It’s minus four, the first sunlight slips over the mountains, and the hummingbird is trying to decide whether he likes slushies or not. Looking portly for once thanks to his puffed up feathers, he perches at the feeder and dips his needle of a beak into the semi-frozen nectar again. Maybe the sugar is more concentrated in the bottom of the feeder now.
I watch how sunlight catches on his rusty back and wing feathers. He sits like anyone would on a cold morning, huddled, hunched, soaking up the promise of warmth. He takes another sip of slushy nectar. We treat hummingbirds like royalty – the only birds we have a feeder for, although grey jays and pine siskins also come to our cabin to feed.
First the snowfall and now two nights of solid frost. As I pull on my gumboots to go out and check how our greenhouse and garden have fared, the hummingbird zooms off his perch and shoots straight up into a willow. I entertain myself with thoughts of constructing feeders for the other birds. One to empty the mouse traps into, so the jays could pick up the little furry corpses at one central location instead of scrounging for them all around the cabin. The feeder for the pine siskins, fond of pecking at pee spots even after the yellow snow has gone, would be trickier: how to fill the feeder without making a mess?
I abandon the pine siskin feeder idea but figure that a mausoleum feeder (or mousoleum, more accurately) for the jays would be kind of fun. Perhaps there could also be a bigger version, dollhouse-sized, for ravens. Who knows, maybe there’s a real market for it out there, especially among city people – where would one dispose of a dead mouse without a yard? Non-chemical pest control and bird feed, composting and recycling all wrapped into one. What huge untapped potential.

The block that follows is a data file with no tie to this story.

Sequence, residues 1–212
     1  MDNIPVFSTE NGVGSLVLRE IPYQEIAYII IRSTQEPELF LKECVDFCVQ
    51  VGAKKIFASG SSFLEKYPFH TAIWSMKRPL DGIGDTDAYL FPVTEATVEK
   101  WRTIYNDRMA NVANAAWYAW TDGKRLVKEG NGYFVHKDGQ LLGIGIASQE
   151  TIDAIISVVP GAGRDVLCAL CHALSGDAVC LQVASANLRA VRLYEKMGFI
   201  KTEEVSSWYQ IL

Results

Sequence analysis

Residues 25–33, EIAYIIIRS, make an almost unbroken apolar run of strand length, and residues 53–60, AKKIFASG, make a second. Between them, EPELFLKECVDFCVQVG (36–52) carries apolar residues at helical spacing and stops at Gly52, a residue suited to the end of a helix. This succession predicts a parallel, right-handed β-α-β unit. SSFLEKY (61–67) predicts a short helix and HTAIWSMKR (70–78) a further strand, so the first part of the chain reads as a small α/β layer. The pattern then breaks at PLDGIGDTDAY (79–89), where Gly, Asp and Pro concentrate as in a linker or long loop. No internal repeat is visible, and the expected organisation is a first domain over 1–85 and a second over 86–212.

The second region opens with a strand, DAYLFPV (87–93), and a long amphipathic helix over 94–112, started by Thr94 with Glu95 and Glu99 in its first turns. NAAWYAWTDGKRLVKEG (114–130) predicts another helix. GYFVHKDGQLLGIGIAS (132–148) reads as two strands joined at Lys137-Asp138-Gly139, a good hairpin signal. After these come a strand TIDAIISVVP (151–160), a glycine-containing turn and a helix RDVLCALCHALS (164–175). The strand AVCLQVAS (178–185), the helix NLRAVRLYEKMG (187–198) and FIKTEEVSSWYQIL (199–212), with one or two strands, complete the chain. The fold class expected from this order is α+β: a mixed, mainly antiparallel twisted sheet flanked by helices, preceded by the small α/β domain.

This leads to the question why mice aren’t on the ingredient list of commercial cat food, considering that they are one of the most natural, free-range parts of a cat’s diet one can imagine. After all, how often would a domestic tabby kill a turkey, chicken, salmon, or cow when left to its own devices? It has always seemed strange to me that these species feature so large in the cat food industry.
I wonder idly if I’m totally bushed and unfit for society or if I have potentially hit upon a whole new cottage industry. But most likely it’s the former. Above my head, up in the willow, the hummingbird flits from catkin to catkin, droning like a miniature aircraft; my reminder that the days start early now and end late. Forget swine flu and bird flu (anyone still remember that one?), it’s spring fever that’s highly contagious. All this light that beats down from the sky like continuous slaps in the face and triggers hyperactivity, even in bush bums as Sam and me. Not only do the neurons in our brains zip around at a faster clip, leading our thoughts down strange garden paths – suddenly, we’re eager to get a lot of things done around the homestead.
Perhaps too eager as far as gardening is concerned, I worry and squint to see if the wood stove inside our greenhouse is still belching smoke into the air. The tomatoes, zucchinis and squash have already suffered through one cold night when the fire burned only feebly because the wood got hung up. Hardening off our Brussels sprout and cauliflower seedlings also went a bit too far when we forgot to bring them back inside one night. Oh well, that’s where natural selection comes in, I console myself. At least today, it’s a decent eight degrees inside the greenhouse and the poor seedlings still haven’t given up, I notice when I lift the covers off the raised beds.
For the rest of the morning, we’ll be busy with the Alaskan mill, making lumber out of a literal windfall: a few large trees that came down in winter storms. By next week, we should have enough lumber to extend our greenhouse. Things are looking great, even though the vole traps in the garden were empty. Good thing I’m not in the Kitty’s Filet of Mouse in Gravy business, after all.
Lisa Hasselbring is a writer who lives at the headwaters of the Yukon River south of Whitehorse.